21st century pop star
Ashnikko is one of the most exciting new voices in the increasingly alternative sound of pop music. Perhaps this new direction in popular music is the influence of TikTok. Billie Eilish, Lil Nas X, and now Ashnikko have all catapulted to the top of the charts thanks to the viral spread of short videos on the app.
The stranger, the better. One of the first songs of hers to garner attention was “STUPID,” a brutally honest and empowering song about toxic masculinity. Finally, her single “Daisy” recently went viral. Taking inspiration from rock, rap, and punk, Ashnikko’s sound is hard to pin but when you hear one her songs you know its unmistakably hers.
The music of Ashnikko takes a new point of view – a personal and unapologetic perspective that is not only catchy but empowering and relatable. Her music departs from the idealized pop star and sends a message that it’s okay not to conform to society’s norms – and actually to change those norms yourself. As she said to Cool Accidents, ‘Don’t compromise who you are. Being smooth and polished and cool is gross, I’m just winging it.’
In this cover interview feature with RAIN which took place over a year, we explore the early begnnings of Ashnikko and talk about her upcoming album the Demidevil mixtape. Moreover, the new album includes features from some of her greatest influences such as Kelis and Avril Lavigne.
Mark Benjamin: Where did you grow up? How has it informed your music?
Ashnikko: I’m originally from North Carolina; I grew up in Eastern Europe and now live in London. I’ve lived there for about six and a half years. It’s one of my favorite cities. It’s where I feel most at home. I love how living in London has informed my musical taste. I feel like I would be making much different music if I had been in L.A. or New York. Finally, many of my influences are like my friends in London and European artists. It has a bit more edge. More bite.
MB: So, who are some of your musical influences?
A: M.I.A. is a big one because her’s was the first album that I owned. Missy Elliott, Björk, Janis Joplin, Dolly Parton, Niki Minaj, Lil Kim, Paramore, Loretta Lynn…loads of powerful women, like really bad ass women. I think my playlists were predominantly women up until I was 17. I started to think then, ‘guys are OK, too.’ Then I added Odd Future and Tyler the Creator. Finally, Earl Sweatshirt was a huge influence on me; he’s a great lyricist.
MB: It sounds like a lot of punk, rap, and rock.
A: It’s kind of cool. Maybe you can hear some of the influences…I’m trying to at least infuse my music with my influences.
MB: How long had you been in music? I mean you’ve been doing it forever, right?
A: I’ve been writing stories and poems since I was like a tiny baby. I started rapping at 15 and then started singing at 17. I got a vocal coach at 18 to really push and learn how to write songs and be an artist.
MB: Image is such an important thing, but for you it seems like you just do you.
A: I think now it looks effortless, but it has taken so much effort to take it to a place where it looks cool. I was a fucking hot mess just three years ago. Now I’m like, ‘okay, cool.’ This is how I want to dress, how I want to look. I know what I like now. It comes with maturity.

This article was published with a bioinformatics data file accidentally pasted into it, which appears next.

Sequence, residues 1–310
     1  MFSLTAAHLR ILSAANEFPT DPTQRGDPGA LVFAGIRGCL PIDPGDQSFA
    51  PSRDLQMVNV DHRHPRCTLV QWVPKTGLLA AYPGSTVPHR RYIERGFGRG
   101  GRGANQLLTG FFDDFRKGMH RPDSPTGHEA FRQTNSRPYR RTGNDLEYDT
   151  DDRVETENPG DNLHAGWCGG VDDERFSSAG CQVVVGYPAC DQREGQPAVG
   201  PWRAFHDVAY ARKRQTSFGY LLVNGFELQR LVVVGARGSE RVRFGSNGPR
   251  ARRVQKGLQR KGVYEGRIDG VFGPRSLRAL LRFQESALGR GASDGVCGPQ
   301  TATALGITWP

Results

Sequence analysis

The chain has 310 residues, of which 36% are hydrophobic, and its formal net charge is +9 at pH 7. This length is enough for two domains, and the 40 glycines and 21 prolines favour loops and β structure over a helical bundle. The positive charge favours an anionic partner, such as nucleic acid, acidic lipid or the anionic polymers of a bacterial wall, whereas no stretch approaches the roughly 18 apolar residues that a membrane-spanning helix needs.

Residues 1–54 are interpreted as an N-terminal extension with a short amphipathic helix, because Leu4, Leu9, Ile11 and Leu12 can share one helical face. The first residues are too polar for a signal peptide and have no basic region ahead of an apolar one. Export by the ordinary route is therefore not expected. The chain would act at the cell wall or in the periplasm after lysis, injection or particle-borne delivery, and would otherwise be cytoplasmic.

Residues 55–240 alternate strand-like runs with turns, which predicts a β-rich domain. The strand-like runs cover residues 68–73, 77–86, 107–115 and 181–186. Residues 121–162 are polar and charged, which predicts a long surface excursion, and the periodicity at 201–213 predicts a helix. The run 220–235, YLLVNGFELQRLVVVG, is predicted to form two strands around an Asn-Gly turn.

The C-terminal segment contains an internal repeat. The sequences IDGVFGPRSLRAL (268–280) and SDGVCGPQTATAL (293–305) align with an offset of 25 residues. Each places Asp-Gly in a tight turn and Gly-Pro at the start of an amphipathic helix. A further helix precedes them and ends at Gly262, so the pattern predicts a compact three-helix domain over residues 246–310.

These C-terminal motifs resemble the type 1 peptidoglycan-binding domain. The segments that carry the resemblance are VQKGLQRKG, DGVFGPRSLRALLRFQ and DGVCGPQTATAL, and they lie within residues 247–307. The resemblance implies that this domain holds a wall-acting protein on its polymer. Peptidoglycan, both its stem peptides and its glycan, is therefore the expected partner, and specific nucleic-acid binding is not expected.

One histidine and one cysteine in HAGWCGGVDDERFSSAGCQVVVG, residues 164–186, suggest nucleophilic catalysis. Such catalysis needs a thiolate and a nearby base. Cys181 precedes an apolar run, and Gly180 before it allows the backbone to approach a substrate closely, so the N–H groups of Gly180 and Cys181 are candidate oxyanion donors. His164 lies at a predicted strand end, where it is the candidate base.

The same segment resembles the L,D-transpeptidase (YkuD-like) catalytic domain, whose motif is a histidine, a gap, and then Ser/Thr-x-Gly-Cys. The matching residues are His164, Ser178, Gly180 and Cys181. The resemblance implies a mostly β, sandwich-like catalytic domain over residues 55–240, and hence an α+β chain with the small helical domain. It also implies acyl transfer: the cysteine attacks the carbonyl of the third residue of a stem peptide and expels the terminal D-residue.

I definitely would not have been as prepared for what’s happening now with my music when I was 18 or 20. It would have been like, ‘fuck, I don’t know what the fuck is going on. I don’t know how I want to look or how to be perceived.’ But now I’m very confident and self-assured. Everything happens in the right time.
“I think self love is a cool concept and it’s easy to say. Love yourself before others come love you, blah, blah, blah, but it’s very hard to actually do.”
MB: There’s a certain genuineness I think that comes across with your image and your music. Furthermore, maybe you say the things people think but maybe are hesitant to say, but it’s all valid. It’s all in there. I think people must connect with that.
A: I’m trying to be very blunt and honest in my music, uncomfortably so for my parents and my extended family, haha. You can always tell what I’m going through by what I’ve written in any given week in my diary. It’s an open diary for everyone to read, which is sad. Maybe I should dial it back a little bit.
MB: Moreover, it empowers a lot of people, too, right?
A: That’s nice. I hope so.
MB: Your song “STUPID” went viral on TikTok. It’s funny because girls and guys like to lip sync along to it. It’s funny to watch guys do it because the line I think embodies female empowerment.
A: It’s funny because some of the guys changed ‘stupid boy’ to ‘stupid girl.’
MB: Oh really?
A: Yeah, it’s like they’re part of the problem. They’re who the song’s about. They always have a bunch of clowns in their comments.
But yeah I love it when the super e-boys – like the lip biting e-boys with their glossy lips and the middle part in their hair. That e-boy culture is just really funny to me.
MB: Also, tell me about the tentacle penis candle that you sell as merch.
A: My friend was making dick candles, like regular human dicks. When I saw them I was like, ‘Oh my God, will you help me make it in tentacles? We went to her studio and sculpted this tentacle one day and we were laughing the whole time.